Rhys Keepence
Thursday, January 22, 2004

"Tell me why, again, that I cannot volunteer more of my time to write an app on top of a free database I wrote? If you concede that I can create one building block for no money, than can I not create another?"
-----------------
Of course, there is nothing stopping anybody from doing this.  But not even the craziest open-source advocates suggest that it should be so... at least not to my knowledge.  Guys like RMS are not blind to the need for people to earn a living in the software world- they basically believe that, generally speaking, code one writes ought to be recycled back into the software ecosystem so that it can be used by and further improved upon by others. 

This results in better software for everybody because people spend less time reinventing the wheel, and more time creating SOLUTIONS.  At a time when the U.S. is hemmoraging jobs overseas due to the higher costs of labor  in our own country, I think that the ability to use free/open source software as building blocks for our solutions is one of the few things which actually helps to level the playing field when I'm competing against some guy overseas who can do my job for 1/3 of the money.

John Rose
Thursday, January 22, 2004

BTW - My first paragraph was in response to Mike :)

Rhys Keepence
Thursday, January 22, 2004

"Yes we have oracle, access, excel ... but these in themselves are not software solutions to real world problems!"

We also have ie, word and powerpoint, which ARE solutions to real world problems (web browsing, word processing and presentations respectively).

So some software falls into your category, and some doesn't. I appreciate your point, but you've gone a bit too far to the other extreame. The best way to combat a strawman argument against open source is not to respond with your own strawman about the nature of software. ;)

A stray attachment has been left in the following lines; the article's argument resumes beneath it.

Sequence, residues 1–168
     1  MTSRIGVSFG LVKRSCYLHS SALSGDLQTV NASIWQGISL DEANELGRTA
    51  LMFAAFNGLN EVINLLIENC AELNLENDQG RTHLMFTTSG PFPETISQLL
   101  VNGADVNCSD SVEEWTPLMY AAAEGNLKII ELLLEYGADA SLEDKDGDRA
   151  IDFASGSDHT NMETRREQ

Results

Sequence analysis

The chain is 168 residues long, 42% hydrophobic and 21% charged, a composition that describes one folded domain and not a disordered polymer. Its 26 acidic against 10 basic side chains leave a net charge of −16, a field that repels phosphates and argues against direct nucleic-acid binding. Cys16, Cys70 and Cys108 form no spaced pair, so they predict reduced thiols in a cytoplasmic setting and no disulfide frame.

Sum Dum Gai
Thursday, January 22, 2004

"SOFTWARE CANNOT BE GIVEN AWAY!"

It already is.


Thursday, January 22, 2004

The ugky stench of desperation...

Nicky
Thursday, January 22, 2004

Saying about having software which is real world problems solution and contrary just a base for solution you probably mean difference between applications and platforms.

Joel has a good article somethere about it. Doesn't suprise that some package may be an application and the platform at the same time (MS Word for text editing VS MS Word with VB for Applications)

Vlad Gudim
Thursday, January 22, 2004

"Guys like RMS are not blind to the need for people to earn a living in the software world"

No, people like that just think sofware development should not be financed by making products people are willing to pay for, but rather by razing a tax that you have to pay, wether you want to or not.

Just me (Sir to you)
Thursday, January 22, 2004

"At a time when the U.S. is hemmoraging jobs overseas due to the higher costs of labor  in our own country, I think that the ability to use free/open source software as building blocks for our solutions is one of the few things which actually helps to level the playing field when I'm competing against some guy overseas who can do my job for 1/3 of the money."

Are you saying that if we write free software the overseas developers won't use it?

Or if they do use it, is it a give and take thing or just one way? Is a lot of innovative open source and free software being developed in India and China right now? Or is most free and open source software being developed in other areas?

Confused
Thursday, January 22, 2004

"people like that just think sofware development should not be financed by making products people are willing to pay for, but rather by razing a tax that you have to pay, wether you want to or not"

A software tax is coming? Damn this is worse than when I had to pay for that stupid "artwork" with the piss in the jar. I certainly don't want the government forcing me to pay for software I have no use for.

This really sucks. Got any references? I want to write my congressman.

Confused
Thursday, January 22, 2004

From the GNU Manifesto ( http://www.gnu.org/gnu/manifesto.html )

Under: "Programmers need to make a living somehow"

"...
All sorts of development can be funded with a Software Tax:
Suppose everyone who buys a computer has to pay x percent of the price as a software tax. The government gives this to an agency like the NSF to spend on software development.
But if the computer buyer makes a donation to software development himself, he can take a credit against the tax. He can donate to the project of his own choosing--often, chosen because he hopes to use the results when it is done. He can take a credit for any amount of donation up to the total tax he had to pay.